AccessibilityDigital Learning

Make text reader software your best friend

Most people associate text reading software with those with additional learning needs or visual impairments. These simple and often embedded tools can be used more widely as well as those with neurodiversity needs.

We are all spending more time in front of a computer screen since the pandemic hit. According to a survey by Vision Direct we are spending an average of 44 minutes more at our computers. Give your eyes a break from the screen when dealing with larger documents. Using text readers can support you as well as your students in a number of ways.

  • Let the text reader take the strain while you make your notes.
  • Reduce eye strain from looking at the screen.
  • Help you edit your own work and structure your text.
  • Adapt your text to be more accessible as you now have a users viewpoint.

Read Aloud (Microsoft)

This is embedded into Microsoft Word and Outlook. Great for using with longer e-mails as it can help understand of what is being said or unpack more complicated details. You are best using them in desktop applications.

In word: ‘Read Aloud’ is under the review tab.
In Outlook: You need to open the e-mail fully in a new window. This it is under message along with ‘Immersive reader’ icon

Immersive Reader

Immersive reader does take it further and has more accessibility features such as changing the font, line focus, changing the background color and changing the spacing. It is embedded in most Microsoft applications including word, teams, forms, PowerPoint, and sway.


As we use PowerPoint so much it is worth a section in its own as it is more complex. Functionality may change from desktop app to browser versions. In the browser version you have ‘immersive reader’ embedded but it is not in the desktop app. In the browser version you can turn on text speak in the quick action tool bar. When it is activated, you need to highlight the text and click the speak icon to play and stop.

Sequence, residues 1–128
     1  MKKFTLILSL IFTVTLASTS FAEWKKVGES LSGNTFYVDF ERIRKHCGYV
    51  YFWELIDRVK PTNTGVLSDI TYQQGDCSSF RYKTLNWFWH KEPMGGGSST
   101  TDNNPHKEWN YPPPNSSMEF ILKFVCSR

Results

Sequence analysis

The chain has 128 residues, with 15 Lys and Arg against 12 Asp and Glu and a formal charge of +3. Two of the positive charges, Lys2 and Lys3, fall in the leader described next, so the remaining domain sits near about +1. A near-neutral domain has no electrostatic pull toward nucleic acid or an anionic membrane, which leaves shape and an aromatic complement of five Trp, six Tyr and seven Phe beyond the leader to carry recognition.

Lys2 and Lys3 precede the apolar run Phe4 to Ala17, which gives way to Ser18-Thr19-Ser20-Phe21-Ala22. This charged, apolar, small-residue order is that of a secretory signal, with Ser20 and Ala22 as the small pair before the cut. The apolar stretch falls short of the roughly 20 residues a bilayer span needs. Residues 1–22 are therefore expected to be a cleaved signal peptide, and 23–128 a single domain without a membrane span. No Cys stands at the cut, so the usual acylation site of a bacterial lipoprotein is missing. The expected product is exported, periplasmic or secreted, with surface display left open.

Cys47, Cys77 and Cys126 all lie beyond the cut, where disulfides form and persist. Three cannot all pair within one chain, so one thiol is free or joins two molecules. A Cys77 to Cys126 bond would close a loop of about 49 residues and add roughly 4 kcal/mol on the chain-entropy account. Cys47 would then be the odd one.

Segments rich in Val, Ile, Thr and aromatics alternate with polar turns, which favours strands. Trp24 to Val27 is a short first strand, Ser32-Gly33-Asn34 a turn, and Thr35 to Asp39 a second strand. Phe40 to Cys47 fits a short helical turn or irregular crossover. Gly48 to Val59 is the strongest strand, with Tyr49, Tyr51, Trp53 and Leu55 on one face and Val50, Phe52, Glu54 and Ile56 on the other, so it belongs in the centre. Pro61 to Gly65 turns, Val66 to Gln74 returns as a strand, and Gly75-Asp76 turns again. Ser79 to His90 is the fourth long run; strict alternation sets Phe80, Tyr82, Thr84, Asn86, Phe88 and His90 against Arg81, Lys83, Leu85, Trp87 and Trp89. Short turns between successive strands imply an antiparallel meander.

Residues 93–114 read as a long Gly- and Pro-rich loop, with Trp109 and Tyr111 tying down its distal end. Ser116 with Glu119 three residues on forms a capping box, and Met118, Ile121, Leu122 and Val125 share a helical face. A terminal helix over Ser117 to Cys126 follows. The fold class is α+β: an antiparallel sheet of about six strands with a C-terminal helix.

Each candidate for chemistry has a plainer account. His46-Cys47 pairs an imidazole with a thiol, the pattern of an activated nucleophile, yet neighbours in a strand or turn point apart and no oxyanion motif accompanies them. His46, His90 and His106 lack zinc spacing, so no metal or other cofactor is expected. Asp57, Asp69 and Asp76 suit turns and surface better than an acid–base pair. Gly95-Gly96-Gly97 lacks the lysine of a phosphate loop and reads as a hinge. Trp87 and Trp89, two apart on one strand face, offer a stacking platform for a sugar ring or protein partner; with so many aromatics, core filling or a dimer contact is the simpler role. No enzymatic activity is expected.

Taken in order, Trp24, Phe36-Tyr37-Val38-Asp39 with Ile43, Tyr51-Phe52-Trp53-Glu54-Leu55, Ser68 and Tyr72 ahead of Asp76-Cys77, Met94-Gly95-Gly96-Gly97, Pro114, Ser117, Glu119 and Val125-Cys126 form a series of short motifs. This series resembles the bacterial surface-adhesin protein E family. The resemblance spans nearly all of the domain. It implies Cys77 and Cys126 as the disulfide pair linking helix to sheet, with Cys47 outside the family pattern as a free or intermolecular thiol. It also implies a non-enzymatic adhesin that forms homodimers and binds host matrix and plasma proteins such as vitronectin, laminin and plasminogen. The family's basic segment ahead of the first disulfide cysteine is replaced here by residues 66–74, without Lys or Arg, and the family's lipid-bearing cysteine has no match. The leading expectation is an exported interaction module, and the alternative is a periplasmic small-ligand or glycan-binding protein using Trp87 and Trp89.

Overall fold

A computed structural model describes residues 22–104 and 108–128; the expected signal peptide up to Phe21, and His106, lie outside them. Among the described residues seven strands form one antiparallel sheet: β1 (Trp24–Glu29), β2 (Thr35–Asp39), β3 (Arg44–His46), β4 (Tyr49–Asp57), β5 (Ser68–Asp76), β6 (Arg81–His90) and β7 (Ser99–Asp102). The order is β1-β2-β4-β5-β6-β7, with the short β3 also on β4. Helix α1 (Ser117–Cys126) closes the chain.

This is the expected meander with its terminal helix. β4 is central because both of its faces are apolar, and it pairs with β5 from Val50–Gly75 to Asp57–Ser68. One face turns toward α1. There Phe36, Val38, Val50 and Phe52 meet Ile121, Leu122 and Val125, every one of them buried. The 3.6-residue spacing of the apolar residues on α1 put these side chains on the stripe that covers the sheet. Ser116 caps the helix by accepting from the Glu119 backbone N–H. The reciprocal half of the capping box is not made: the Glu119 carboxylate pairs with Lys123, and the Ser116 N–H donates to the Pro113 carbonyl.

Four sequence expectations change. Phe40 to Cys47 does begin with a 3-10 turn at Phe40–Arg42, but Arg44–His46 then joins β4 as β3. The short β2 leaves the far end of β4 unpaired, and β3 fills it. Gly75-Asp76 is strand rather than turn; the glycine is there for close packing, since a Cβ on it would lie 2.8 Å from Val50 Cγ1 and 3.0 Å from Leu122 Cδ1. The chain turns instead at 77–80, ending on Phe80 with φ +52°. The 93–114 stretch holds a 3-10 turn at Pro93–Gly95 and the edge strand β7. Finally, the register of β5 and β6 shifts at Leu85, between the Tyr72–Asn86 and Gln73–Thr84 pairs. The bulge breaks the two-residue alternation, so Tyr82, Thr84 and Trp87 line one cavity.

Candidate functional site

Text Readers in browsers

Let us look at 4 main browsers: Edge, Chrome, Safari and Firefox. Useful for online courses and frees you up for making notes as the text is spoken.


It has a build in tool. All you need to do is right click to see ‘read aloud’ in the menu. Once selected, a play bar will pop up at the top of the screen. The voice is easy to change as well and can work in different languages and you are able to adjust the pace.

Right click to view the menu
Play, Speed and voice tools appear in the top right once the app is open


Again this is built in. Hover over some text and a little headphone icon will appear. Once you click on it then a play button pops up. You are not able to change the voice or pace in the standard embedded tool. There are several extensions you can get for chrome which will give you more control. Some free but they may only provide limited read time using the app in a 24-hour period.

Highlight the text for the headphones to appear. Click on the headphones for the text reader to start. A play button will appear on screen to allow you to stop the reader.


On the left hand side of your toolbar, select the ‘Edit’ option. From the drop down menu you should see an option which says ‘Speech’. Once you click on this, you can select ‘Start speaking’. Once you have completed your text reading if you’d like to end it you can go back to ‘Speech’ and choose ‘Stop speaking’.


Firefox is another popular browser. How text reader works in this browser is along side reader view. Reader view simplifies a webpage by keeping only the essential information on the page. It declutters the page which can reduce visual noise and cognitive overload. The text reader sits long site once you are in the reader view. The icon which looks like a page is next to the bookmark icon on the URL address bar.

The reader view icon sits on the URL address bar next to the bookmark star icon.
Click on the headphones to view the player menu with speed and voice controls.

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